In “Challenges in Offering CTE,” (Figure 3) we asked districts to select which difficulties they face in supporting and growing CTE programs from a list of issues that frequently plague rural and small schools. As a sign of how seriously this challenge hinders the progress of rural schools, and equitable provision of CTE opportunities to students, 61% of respondents indicated that they struggle with educator shortages. The lack of qualified and quality teachers is a systemic issue in rural districts, and this problem is exacerbated for career and technical education as often those with the most credentials to teach CTE coursework are the least likely to enter the education profession. Moreover, the overall share of new teaching candidates with a declared focus on CTE is substantially smaller than other fields. Simply put, while insufficient resources (47%) and equipment and facilities (43%) were also major areas of concern for rural schools, there can be no CTE classes without passionate individuals empowering students to make their first steps into the professional world. On a more positive note, it is surprising that fewer districts reported issues with distances to CTE opportunities (23%) and a lack of community partners (16%). These two challenges have often been cited as major barriers to program growth in conversation with rural districts around the state.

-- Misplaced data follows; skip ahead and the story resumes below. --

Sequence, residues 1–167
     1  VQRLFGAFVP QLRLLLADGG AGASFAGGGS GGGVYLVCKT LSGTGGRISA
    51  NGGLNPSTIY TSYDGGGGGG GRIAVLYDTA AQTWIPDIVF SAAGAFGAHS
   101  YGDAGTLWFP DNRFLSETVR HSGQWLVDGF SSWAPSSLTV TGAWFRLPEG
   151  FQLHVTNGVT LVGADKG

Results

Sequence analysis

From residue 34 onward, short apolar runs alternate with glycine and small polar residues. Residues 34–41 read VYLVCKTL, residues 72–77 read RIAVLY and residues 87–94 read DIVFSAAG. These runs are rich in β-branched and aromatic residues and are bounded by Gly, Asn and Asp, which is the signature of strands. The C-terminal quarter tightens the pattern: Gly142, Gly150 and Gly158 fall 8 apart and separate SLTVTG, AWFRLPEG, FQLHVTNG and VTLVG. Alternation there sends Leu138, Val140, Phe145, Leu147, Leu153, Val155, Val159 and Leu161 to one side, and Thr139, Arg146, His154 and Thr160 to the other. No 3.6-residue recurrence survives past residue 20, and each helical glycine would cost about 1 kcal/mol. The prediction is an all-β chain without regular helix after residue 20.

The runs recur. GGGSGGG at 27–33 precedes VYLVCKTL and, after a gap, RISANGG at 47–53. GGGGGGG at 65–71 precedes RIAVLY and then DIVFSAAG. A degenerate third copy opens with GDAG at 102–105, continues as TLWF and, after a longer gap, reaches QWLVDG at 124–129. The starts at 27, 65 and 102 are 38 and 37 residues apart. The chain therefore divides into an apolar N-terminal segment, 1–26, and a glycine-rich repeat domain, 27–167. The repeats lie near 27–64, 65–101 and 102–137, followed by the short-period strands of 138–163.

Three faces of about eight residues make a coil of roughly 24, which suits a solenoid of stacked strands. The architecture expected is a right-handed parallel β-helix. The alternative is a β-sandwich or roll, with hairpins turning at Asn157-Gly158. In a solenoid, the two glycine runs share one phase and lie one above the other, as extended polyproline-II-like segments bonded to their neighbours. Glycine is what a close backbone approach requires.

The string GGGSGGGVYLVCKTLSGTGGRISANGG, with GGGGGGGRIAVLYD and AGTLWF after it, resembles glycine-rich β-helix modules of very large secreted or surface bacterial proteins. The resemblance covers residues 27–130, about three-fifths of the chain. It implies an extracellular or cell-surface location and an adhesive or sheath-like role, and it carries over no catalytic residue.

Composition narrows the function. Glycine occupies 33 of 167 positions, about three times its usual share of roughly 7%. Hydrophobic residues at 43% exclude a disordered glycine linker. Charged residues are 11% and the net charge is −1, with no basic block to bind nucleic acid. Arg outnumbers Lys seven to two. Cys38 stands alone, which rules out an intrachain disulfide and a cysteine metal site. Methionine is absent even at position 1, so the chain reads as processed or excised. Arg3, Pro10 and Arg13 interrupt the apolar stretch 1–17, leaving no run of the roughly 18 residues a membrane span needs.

Figure 3: Common Challenges to Rural CTE Programming
Figure 3: Common Challenges to Rural CTE Programming

This first Rural IL CTE Survey has provided a wealth of baseline data about the needs and equity gaps in rural programming, but it is only the first step on a much longer journey of discovery and understanding. Further surveys and conversations will help illuminate insights from this early data and point out areas for further investigation. Already, the Rural IL CTE Advisory Council along with the Illinois State Board of Education’s Department of CTE have reviewed these findings and elevated key aspects. Equipped with data and a drive to advocate for the needs of all rural and small schools, AIRSS is looking forward to the next steps ahead for the Rural IL CTE Project.

We would like to extend our sincere gratitude to the 128 districts that responded to the survey, and to all who have collaborated with us thus far. Our work is noticed and our voice is heard, and we are laying the groundwork for a truly exciting effort to shape the futures of our students and communities.

If you would like to share your perspectives on the data shared here or rural CTE programming, please reach out to Program Director John Glasgow:

The Rural IL CTE Survey was designed and administered in collaboration with Goshen Consulting. Thank you to Goshen for your partnership on this work.